Her faith provides her solace, true, but she also knows she can’t just sit back and wait for circumstances to play out on their own. She believes she’s following God’s will by creating her own solution. Deni just doesn’t know if this time she’ll succumb to the danger.

Author Ginny L. Yttrup delves into the genre of suspense for the first time, but unfortunately her debut leaves much to be desired. The story flips between Deni in the present day, Deni in the past in the weeks leading up to her attack, and Adelia. The constant ping-ponging between timelines and characters will leave readers confused at times, despite Yttrup starting each chapter with the date and the character speaking. Early on Yttrup establishes Deni as the protagonist; however, Adelia’s portions come later in time than Deni’s, and readers won’t know until the last third of the book why the story was structured this way.

Successful suspense books depend on bursts of information followed by bursts of action; in the case of Convergence, Yttrup has taken a more thoughtful approach. This allows for readers to get to know Deni and to understand how she depends on her faith to get her through difficult times. In and of itself, this portion of the writing works well. Framed by a larger story that tries to be a suspense/thriller novel, the more introspective portions of the book just stick out. They slow down the story, and many readers may get impatient.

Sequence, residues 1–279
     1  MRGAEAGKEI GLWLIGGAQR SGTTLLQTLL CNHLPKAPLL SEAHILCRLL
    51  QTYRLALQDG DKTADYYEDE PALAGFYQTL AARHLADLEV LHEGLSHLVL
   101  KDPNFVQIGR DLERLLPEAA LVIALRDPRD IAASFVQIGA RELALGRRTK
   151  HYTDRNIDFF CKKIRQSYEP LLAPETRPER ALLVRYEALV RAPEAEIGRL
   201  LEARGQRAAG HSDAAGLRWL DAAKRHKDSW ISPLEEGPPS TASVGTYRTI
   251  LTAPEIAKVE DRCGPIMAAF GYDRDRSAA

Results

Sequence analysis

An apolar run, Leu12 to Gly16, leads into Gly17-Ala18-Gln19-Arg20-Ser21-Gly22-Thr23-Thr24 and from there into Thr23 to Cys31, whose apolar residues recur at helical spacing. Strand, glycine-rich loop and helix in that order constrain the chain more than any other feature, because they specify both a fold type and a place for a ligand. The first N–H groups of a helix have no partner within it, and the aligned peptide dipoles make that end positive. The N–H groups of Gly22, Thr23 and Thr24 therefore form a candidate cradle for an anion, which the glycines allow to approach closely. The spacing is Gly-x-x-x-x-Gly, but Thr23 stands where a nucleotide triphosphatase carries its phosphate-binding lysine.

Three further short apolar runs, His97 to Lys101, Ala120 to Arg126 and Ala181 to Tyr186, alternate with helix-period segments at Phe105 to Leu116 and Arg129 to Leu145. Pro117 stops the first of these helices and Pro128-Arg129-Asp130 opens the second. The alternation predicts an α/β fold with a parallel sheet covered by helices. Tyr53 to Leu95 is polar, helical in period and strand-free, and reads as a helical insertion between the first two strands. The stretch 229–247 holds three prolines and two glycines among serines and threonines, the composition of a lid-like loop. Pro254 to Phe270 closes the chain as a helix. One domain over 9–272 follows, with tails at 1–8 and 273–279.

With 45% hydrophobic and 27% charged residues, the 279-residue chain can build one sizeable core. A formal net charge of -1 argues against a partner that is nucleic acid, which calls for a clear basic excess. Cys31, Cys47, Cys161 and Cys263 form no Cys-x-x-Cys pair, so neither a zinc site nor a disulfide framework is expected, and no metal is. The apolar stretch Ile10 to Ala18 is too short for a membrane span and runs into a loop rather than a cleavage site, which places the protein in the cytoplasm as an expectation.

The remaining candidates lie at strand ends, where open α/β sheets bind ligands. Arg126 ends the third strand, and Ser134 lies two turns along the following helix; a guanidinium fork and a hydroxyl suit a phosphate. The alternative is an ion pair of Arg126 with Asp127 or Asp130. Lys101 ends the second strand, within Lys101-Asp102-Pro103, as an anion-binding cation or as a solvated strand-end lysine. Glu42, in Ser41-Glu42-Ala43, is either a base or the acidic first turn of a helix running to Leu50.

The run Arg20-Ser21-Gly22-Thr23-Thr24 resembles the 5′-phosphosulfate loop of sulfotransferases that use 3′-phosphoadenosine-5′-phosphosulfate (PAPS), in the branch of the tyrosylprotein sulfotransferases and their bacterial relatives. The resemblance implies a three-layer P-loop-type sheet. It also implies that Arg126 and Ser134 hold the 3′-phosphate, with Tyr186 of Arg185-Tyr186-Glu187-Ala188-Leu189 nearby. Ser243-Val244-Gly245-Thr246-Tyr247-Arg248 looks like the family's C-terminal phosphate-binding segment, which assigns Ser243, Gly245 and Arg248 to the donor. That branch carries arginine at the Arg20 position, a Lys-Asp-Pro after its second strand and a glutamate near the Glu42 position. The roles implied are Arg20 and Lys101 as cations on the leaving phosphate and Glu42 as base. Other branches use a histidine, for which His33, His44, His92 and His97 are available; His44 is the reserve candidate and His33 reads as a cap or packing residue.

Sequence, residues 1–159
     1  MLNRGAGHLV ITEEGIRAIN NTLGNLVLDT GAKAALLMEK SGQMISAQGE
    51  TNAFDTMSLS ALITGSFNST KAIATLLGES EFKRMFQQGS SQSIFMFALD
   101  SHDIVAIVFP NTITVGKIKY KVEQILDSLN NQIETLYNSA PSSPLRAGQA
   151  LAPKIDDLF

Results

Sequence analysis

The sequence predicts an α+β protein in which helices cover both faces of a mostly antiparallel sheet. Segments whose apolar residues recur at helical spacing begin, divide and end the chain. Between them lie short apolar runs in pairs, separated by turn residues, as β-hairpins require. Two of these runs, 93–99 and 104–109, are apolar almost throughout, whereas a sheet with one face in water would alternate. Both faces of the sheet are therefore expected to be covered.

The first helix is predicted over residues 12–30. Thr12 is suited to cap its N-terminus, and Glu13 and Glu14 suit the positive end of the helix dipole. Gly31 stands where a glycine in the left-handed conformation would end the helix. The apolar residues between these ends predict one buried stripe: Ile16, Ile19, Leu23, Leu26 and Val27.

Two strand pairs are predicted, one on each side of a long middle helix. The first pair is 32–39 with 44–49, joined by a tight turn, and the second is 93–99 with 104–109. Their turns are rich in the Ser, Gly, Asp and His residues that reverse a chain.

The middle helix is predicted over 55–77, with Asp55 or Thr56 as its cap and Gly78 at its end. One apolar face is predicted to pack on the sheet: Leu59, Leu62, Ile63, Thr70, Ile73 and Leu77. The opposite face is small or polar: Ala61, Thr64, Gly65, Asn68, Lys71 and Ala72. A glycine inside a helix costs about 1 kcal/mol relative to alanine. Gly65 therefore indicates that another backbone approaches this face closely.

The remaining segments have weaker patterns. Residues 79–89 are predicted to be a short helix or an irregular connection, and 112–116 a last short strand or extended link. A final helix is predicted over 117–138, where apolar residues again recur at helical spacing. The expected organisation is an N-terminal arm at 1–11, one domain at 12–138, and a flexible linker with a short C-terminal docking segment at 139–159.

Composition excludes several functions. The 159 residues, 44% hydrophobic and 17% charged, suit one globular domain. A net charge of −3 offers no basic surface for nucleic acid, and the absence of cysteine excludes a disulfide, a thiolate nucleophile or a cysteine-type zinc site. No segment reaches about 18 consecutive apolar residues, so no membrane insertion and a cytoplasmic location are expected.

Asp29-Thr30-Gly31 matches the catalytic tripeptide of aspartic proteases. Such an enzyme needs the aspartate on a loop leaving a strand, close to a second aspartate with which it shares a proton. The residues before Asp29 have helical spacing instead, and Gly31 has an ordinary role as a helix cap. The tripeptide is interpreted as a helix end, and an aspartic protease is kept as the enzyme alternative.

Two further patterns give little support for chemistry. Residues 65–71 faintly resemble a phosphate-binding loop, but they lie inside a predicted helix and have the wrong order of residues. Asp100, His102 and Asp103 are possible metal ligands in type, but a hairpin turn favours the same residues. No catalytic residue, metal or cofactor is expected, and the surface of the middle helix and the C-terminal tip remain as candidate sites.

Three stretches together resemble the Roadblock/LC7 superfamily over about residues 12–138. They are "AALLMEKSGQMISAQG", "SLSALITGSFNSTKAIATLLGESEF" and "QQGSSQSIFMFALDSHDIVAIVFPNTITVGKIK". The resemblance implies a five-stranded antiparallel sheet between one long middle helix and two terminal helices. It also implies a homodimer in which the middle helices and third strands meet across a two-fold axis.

Yttrup also errs when it comes to releasing information; the characters in the book often know much more than readers do. Characters discuss important events without naming them, and readers will have to infer much of the information for a long time before they’re given confirmation. The cloak-and-dagger device only works for so long; after the halfway mark, it becomes tedious, as does the book.

Fans of Yttrup’s other work may want to pick this one up. It does a respectful job of showing how a person’s faith works organically within his or her life. Strictly as a suspense or thriller, though, the novel doesn’t work at all. I believe Convergence Borders on Bypassing it.